Obesity and asthma often coexist. We hypothesized that detailed body fat distribution measures might be more strongly associated than body mass index (BMI) with childhood asthma.Objective:
We examined the associations of total body and abdominal fat measures with respiratory resistance (Rint), fractional exhaled nitric oxide (Feno), and risks of wheezing and asthma in school-aged children.Methods:
In a population-based prospective cohort study among 6178 children aged 6 years, we measured BMI, fat mass index, android/gynoid ratio, and preperitoneal and subcutaneous fat mass by physical examinations, dual-energy x-ray absorptiometry, and ultrasound, respectively. We performed Rint and Feno measurements, and assessed physician-diagnosed wheezing and asthma by questionnaires.Results:
A higher BMI was associated with a higher Rint (Zscore [95% CI], 0.06 [0.01-0.12]) and increased risk of wheezing (odds ratio [95% CI], 1.07 [1.00-1.14], perZscore BMI increase), but not with Feno or asthma. A high fat mass index was associated with a higher Rint (Zscore [95% CI], 0.40 [0.13-0.68]). A high android/gynoid fat mass ratio was associated with a lower Feno (Sym% [95% CI], −9.8 [−16.3 to −3.4]), whereas a high preperitoneal fat mass was associated with a higher Feno (Sym% [95% CI], 6.5 [0.1-12.9]). Subcutaneous fat mass was not associated with any respiratory outcome.Conclusions:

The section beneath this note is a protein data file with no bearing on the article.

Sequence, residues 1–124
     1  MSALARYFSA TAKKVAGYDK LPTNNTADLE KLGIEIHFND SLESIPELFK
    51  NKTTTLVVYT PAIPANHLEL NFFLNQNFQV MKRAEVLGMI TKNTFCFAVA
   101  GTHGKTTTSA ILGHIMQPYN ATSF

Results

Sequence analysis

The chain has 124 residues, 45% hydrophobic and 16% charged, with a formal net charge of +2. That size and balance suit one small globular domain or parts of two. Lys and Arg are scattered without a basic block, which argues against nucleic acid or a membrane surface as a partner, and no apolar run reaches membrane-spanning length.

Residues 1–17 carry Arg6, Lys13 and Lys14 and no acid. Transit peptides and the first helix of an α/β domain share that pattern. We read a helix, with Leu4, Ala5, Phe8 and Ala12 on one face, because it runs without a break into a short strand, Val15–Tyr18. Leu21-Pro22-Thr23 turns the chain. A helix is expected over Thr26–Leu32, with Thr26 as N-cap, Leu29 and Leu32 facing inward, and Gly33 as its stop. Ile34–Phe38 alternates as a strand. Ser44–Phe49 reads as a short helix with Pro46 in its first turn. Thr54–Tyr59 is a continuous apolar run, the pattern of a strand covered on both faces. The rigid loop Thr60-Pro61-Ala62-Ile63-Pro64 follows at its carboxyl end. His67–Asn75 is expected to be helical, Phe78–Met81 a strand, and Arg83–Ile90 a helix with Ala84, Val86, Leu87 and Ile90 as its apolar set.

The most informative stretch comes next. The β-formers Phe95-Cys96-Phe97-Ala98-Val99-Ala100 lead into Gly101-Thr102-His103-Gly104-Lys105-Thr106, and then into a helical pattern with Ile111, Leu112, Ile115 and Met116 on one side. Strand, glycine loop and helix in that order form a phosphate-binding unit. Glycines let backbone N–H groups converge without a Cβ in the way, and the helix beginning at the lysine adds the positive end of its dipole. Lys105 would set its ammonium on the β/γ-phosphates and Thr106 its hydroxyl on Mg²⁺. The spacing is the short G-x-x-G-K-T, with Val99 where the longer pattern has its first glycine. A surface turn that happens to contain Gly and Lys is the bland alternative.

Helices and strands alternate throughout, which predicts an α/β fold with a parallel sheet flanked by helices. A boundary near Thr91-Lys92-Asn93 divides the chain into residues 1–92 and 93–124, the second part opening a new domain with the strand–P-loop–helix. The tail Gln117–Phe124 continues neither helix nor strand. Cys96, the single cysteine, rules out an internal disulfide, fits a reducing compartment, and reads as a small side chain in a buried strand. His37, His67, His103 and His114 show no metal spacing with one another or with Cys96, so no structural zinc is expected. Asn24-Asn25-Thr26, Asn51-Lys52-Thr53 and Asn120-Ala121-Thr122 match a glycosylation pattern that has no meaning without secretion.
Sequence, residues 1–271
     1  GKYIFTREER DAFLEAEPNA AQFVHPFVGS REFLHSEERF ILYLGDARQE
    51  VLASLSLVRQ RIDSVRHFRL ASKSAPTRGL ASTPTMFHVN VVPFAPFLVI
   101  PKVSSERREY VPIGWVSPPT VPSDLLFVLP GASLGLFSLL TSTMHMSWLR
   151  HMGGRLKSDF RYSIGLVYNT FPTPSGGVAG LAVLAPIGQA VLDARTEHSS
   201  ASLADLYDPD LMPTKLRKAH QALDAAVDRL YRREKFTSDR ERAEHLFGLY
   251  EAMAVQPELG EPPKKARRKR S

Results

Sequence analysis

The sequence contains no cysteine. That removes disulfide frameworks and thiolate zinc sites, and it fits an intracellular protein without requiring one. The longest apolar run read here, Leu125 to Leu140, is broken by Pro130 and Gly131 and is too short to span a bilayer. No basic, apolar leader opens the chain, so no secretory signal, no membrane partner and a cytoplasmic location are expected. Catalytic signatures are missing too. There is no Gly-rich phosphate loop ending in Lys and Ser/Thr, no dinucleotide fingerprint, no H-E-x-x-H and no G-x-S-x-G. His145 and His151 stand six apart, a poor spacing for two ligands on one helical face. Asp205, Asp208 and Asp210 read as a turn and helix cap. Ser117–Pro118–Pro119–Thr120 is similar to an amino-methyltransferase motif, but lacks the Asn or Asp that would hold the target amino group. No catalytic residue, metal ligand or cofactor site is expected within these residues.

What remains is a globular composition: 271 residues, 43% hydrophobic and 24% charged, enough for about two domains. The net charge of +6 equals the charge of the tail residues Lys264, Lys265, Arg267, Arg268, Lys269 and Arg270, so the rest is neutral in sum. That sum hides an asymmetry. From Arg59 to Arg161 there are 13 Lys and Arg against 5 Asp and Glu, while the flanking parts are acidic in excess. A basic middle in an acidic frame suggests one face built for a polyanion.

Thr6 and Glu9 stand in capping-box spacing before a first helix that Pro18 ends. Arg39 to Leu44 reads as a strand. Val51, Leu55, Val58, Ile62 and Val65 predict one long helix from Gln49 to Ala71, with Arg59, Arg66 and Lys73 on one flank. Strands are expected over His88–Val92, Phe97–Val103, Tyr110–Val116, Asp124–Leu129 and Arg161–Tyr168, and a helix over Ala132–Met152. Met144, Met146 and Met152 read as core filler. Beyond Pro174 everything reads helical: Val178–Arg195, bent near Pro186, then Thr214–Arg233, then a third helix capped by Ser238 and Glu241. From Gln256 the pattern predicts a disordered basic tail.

Studying detailed body fat distribution measures might provide better insight into the obesity-asthma paradigm.